10 Words – “Let’s make it look like we draw for a living.”
I think I am going to make this my mantra – maybe put it on a coffee mug or a tee-shirt – because I seem to be saying it a lot. I look at drawings that are created (not just from my office) and think “these don’t look right”. There’s no pen weight, I have to look at the plans to determine what’s near or far. There’s no profile lines … (what’s a profile line you ask? go here and read tip #3)
There are times when I am starting to get a sense of my actual age. In my mind, I’m still a 20-something and typically enjoy the sort of stuff a 20-something would enjoy. In actuality, I am a semi card-carrying old-timer with (apparently) good old days syndrome, I think more and more about the fact that people who have only drawn on computers don’t really understand pen weight and the role it plays in delivering a message. Before any contractors chime in here saying that pretty drawings don’t matter, let me clarify that this is not just about aesthetics – this is about clarity.
Well drawn drawings are easier to read, they convey information, and they establish a focus on the message the drawing is attempting to convey.
I don’t do much drafting on the computer these days so it’s hard to point to specific examples. However, I do have the drawings I created for the playhouses that I design. I designed these playhouses and I prepare the construction drawings – frequently all in the same day. These were all created in AutoCAD and not in Revit.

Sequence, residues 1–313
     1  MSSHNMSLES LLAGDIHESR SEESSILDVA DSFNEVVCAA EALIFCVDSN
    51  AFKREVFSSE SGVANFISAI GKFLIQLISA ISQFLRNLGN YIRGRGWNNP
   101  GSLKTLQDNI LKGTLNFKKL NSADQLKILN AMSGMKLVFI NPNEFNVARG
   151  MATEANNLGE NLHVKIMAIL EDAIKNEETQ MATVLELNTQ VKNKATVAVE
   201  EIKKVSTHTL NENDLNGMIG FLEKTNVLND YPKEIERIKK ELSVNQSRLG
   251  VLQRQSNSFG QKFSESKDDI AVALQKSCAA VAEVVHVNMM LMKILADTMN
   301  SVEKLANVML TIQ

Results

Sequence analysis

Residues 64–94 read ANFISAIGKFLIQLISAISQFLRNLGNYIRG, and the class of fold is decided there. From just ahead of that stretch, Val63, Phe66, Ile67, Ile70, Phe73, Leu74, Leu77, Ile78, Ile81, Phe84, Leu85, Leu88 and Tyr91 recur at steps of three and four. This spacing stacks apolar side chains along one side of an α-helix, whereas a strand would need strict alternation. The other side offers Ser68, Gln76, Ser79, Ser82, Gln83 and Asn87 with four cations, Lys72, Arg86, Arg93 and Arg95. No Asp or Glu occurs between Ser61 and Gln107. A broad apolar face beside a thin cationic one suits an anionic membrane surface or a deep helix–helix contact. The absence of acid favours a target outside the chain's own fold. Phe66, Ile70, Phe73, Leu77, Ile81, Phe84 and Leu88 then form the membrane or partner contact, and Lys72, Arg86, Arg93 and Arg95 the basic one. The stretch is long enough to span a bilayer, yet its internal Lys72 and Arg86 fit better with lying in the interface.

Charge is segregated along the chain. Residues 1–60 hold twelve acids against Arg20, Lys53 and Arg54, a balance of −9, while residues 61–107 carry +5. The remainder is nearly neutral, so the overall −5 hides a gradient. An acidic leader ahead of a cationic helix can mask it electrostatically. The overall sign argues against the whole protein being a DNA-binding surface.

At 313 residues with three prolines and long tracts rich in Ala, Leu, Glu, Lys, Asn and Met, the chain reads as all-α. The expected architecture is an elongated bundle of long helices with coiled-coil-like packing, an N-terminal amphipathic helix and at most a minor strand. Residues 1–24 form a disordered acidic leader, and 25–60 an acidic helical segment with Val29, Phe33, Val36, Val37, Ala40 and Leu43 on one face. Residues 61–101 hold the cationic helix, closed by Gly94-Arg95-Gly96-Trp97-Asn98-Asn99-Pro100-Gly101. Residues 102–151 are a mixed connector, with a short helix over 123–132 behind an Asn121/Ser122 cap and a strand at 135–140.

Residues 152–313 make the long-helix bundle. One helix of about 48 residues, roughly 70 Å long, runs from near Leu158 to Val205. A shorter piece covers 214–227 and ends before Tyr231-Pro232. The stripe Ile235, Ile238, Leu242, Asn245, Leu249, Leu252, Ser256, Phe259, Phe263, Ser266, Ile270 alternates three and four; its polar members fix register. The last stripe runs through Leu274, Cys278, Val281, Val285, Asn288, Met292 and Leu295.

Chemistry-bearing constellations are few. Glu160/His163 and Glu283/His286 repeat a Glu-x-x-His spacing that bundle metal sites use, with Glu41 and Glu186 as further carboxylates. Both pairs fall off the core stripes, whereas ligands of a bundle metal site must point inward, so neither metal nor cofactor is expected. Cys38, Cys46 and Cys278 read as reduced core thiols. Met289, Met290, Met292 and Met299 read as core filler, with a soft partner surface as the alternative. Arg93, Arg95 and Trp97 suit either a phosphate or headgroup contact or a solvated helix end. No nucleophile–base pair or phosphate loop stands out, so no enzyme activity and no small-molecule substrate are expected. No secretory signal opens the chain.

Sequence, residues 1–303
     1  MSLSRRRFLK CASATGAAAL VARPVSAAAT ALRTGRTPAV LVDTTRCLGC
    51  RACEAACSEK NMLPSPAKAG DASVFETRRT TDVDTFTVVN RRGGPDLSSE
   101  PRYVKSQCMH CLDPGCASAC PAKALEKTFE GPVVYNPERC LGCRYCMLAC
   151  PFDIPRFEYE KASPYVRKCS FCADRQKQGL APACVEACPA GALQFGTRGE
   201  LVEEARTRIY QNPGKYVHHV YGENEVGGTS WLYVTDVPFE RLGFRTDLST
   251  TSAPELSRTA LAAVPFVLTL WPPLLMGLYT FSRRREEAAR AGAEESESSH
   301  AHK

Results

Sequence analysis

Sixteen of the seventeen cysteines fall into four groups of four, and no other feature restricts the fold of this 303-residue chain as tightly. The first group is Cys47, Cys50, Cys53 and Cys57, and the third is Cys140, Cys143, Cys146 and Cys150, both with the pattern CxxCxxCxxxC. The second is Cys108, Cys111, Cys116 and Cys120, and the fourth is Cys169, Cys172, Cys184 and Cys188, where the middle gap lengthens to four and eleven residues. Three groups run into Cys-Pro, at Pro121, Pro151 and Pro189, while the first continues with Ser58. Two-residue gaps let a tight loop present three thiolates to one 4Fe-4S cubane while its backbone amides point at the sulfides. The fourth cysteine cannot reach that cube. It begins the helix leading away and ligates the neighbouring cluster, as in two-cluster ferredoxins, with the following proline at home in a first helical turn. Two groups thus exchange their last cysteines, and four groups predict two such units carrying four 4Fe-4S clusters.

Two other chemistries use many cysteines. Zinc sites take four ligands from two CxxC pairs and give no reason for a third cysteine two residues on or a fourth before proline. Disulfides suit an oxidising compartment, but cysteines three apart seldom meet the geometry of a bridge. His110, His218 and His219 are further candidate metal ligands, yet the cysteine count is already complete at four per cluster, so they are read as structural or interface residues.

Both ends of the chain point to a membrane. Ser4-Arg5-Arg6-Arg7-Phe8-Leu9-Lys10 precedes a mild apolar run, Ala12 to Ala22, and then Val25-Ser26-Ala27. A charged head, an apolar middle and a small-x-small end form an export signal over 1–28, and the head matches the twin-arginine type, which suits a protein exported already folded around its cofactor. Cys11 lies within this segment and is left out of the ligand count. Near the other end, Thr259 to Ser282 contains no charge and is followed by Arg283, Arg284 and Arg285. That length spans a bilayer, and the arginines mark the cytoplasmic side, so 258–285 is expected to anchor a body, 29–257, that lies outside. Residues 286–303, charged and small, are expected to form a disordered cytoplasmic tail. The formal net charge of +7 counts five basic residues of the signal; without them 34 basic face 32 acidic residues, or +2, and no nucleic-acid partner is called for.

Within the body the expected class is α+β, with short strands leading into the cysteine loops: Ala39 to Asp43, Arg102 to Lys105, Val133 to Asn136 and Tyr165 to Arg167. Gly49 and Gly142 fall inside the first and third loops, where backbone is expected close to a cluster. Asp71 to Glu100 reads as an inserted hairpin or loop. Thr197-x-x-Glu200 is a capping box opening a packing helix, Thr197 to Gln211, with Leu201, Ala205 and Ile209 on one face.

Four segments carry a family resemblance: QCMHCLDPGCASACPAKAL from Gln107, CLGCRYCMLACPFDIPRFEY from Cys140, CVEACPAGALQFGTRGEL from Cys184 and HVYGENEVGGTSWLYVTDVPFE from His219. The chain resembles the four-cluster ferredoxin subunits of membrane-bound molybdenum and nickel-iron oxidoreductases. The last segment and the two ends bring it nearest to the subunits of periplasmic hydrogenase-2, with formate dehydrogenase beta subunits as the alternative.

To my way of thinking, there only needs to be 7 different possible layers when drawing elevations and details:
When I draw, I don’t even have to think about what should be on which layer – I’ve been drawing this way for so long that just comes naturally. I also put hatches on everything that makes sense to me – partly because I want there to be material clarity – but also because I want my drawing to convey a finished product. That last point is really important so let me say it again –
“I want my drawing convey a finished product”
I talk to enough younger people about how drawings look to realize that for many, they don’t connect the fact that we are selling esoteric and conceptual ideas with our designs. As a result, it is really important that you present those designs in the best manner possible. Do I think a drawing that is graphically superior to another will elicit a more positive response?
You’d better believe it.
It is not lost on me that the drawings I am choosing to show to illustrate my point were not actually prepared for a paying client. The playhouse construction drawings I create aren’t for anyone other than myself and the contractor. Their appearance still has value to me but I’m not “selling” them to anyone. If you want to see all the construction drawings for this playhouse, you can find them here.
I wrote a post a few years ago titled “Graphic Standards” and from that post, I kicked things off by saying:
How an architect draws is a reflection of many things – you can frequently tell the priorities of a firm just by looking at the quality of their drawings. I didn’t say the content of their drawings – and this isn’t just semantics – it speaks to the culture of the firm.
I don’t think I will ever stop caring about how the drawings I create on the computer appear – as much as easing up on it a bit would reduce my stress and anxiety. Pen weight matters a lot to me, how my drawings look matter to me, and if I being completely honest, the appearance of your construction drawings matters to me. Now that more and more firms are using building information modeling software (like Revit, the program that my office uses), new generations of architects are becoming increasingly disconnected with the art of drawing and the importance and role that these drawings play.
I sound like an old-timer now … but I think I’m okay with that in this regard.
PS – Why’s it so cold in here?